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Casla preview: Rob Ferguson, CIBC Mellon
06 May 2014
Casla president Rob Ferguson tells Stephanie Baxter why Canadian securities lending participants should be
worried about global regulation ahead of his association’s annual conference on May 8
Pressure is mounting on banks to figure out how to use their
capital more efficiently as the path to Basel III grows closer.
The increasing threat of international regulations will be
particularly evident at the Canadian Securities Lending
Association's (Casla) conference on May 8, which will bring
together both Canadian and non-Canadian securities lending
market participants to discuss challenges and opportunities.
As Rob Ferguson, Casla president and senior vice-president of
capital markets at CIBC Mellon, says: "Global regulatory change
will be the biggest talking point at the conference. There will
be some focus on local changes, but they are really dwarfed
when you compare them to what else is going on in the world.
Most of the regulatory change that has been affecting Canadian
market participants has been from the US and, to some extent,
Europe, with things like the financial transaction tax (FTT),
Although the proposed FTT for 11 European member states still
has many hoops to jump through before being finalised, Ferguson
says it has already had an impact on Canadian lenders.
"The FTT is really putting a damper on demand for European
borrowing, which historically has been a very large part of
Canadian beneficial owners' revenue streams. As a result
lenders and borrowers are moving their focus away from Europe a
little bit and looking at new markets such as Brazil and the
Far East to find other opportunities."
In Canada, regulatory activity has been comparatively light.
Ferguson notes the only major change has been to broaden the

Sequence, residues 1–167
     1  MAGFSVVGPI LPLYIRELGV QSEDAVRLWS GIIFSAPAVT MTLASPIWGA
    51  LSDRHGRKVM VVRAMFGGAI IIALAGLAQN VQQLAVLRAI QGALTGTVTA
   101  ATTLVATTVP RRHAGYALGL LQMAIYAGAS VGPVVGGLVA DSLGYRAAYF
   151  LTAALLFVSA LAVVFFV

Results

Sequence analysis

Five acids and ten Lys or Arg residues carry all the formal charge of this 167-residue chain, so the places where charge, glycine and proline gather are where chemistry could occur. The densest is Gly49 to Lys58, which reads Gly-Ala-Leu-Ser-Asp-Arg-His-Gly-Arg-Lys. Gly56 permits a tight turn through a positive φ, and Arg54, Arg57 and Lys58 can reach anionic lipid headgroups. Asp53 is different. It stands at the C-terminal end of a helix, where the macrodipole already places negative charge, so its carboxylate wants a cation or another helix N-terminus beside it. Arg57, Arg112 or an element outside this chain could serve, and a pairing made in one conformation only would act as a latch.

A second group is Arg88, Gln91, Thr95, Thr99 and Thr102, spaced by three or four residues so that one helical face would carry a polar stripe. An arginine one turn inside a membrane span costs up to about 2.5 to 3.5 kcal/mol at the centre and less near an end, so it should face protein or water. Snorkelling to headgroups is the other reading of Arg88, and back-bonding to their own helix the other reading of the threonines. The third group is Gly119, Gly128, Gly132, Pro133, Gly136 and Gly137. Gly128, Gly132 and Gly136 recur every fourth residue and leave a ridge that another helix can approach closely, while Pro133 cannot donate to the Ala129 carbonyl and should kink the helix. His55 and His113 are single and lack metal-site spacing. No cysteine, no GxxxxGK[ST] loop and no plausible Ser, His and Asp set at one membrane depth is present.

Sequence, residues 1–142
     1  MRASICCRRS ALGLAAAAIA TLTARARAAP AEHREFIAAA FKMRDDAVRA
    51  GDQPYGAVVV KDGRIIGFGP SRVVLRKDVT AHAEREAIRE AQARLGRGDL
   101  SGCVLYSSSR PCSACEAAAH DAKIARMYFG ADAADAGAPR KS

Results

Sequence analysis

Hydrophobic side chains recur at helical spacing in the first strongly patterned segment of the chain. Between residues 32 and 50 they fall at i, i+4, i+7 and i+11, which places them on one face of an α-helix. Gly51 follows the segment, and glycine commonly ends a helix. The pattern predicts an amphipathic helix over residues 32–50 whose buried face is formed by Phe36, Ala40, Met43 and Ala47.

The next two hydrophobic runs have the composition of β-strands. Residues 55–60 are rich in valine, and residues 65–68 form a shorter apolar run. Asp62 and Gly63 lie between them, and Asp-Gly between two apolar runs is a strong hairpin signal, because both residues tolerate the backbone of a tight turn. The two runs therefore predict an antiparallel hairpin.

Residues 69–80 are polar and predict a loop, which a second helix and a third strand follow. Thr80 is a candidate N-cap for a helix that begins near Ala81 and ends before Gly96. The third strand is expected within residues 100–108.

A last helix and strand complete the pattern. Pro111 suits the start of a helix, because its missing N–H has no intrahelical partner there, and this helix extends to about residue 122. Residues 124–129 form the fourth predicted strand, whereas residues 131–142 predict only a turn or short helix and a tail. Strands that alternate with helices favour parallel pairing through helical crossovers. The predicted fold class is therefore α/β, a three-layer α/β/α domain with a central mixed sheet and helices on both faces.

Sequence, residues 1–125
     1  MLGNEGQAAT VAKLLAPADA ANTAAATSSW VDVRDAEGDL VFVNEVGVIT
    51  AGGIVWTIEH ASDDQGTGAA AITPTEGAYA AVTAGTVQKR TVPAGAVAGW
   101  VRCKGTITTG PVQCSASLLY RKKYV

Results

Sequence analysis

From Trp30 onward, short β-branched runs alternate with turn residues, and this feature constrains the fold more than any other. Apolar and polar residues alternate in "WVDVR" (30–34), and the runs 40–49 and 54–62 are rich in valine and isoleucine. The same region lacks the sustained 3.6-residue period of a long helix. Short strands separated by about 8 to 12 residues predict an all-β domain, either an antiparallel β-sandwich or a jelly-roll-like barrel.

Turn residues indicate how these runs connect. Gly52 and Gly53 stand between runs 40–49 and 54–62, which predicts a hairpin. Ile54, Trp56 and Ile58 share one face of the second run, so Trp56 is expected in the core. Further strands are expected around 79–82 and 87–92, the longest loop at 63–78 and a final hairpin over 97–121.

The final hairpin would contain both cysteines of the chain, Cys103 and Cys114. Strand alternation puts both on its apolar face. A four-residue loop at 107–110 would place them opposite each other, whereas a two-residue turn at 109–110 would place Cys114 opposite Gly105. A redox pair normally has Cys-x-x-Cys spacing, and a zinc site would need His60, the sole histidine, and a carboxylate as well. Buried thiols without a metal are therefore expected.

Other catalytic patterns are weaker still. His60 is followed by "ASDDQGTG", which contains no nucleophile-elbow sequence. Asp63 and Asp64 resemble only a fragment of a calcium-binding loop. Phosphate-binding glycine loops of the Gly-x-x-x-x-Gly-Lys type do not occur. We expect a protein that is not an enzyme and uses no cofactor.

definition of qualified securities - securities that are
allowed to be lent - to include non-Canadian exchange traded
funds (ETFs) and real estate investment trusts (Reits).
"It has had a positive impact by including all the
exchange-traded assets and therefore creating new supply and
As global securities lending goes through a rough patch,
Canadian agent lenders are doing better than some of their US
and European peers. Many Canadian banks weathered the credit
crisis with robust balance sheets.
"If you have a relatively stronger balance sheet, then you have
an opportunity to grow where others might not be able to or
even need to optimise balance sheet usage. As a consequence
there has been a push from Canadian banks into the US and some
are looking towards Europe and South America."
Indeed, local banks such as Maple Bank and BMO have
increasingly penetrated the US market as the biggest US banks
struggle to meet stringent new capital and counterparty
"At a time when everybody is selling, there is a great
opportunity to buy, which is where the Canadian banks are
today," adds Ferguson.
Local securities lending agents benefit from strong demand for
fixed income lending. Ferguson says: "Demand for Canadian fixed
income is high and probably at record highs."
This trend is partly due to Canadian sovereign debt being one
of the few able to hold on to an AAA rating, as the country
having weathered the credit crisis much better than most
"Our [CIBC Mellon's] programme is hitting highs for the amount
that is on loan versus cash and I believe the Canadian market
is stronger overall. It is really more of a supply issue here
than demand." Demand in the equity market, however, had been
'relatively flat' and "general collateral lending has remained
the same but there has been a lack of real specials".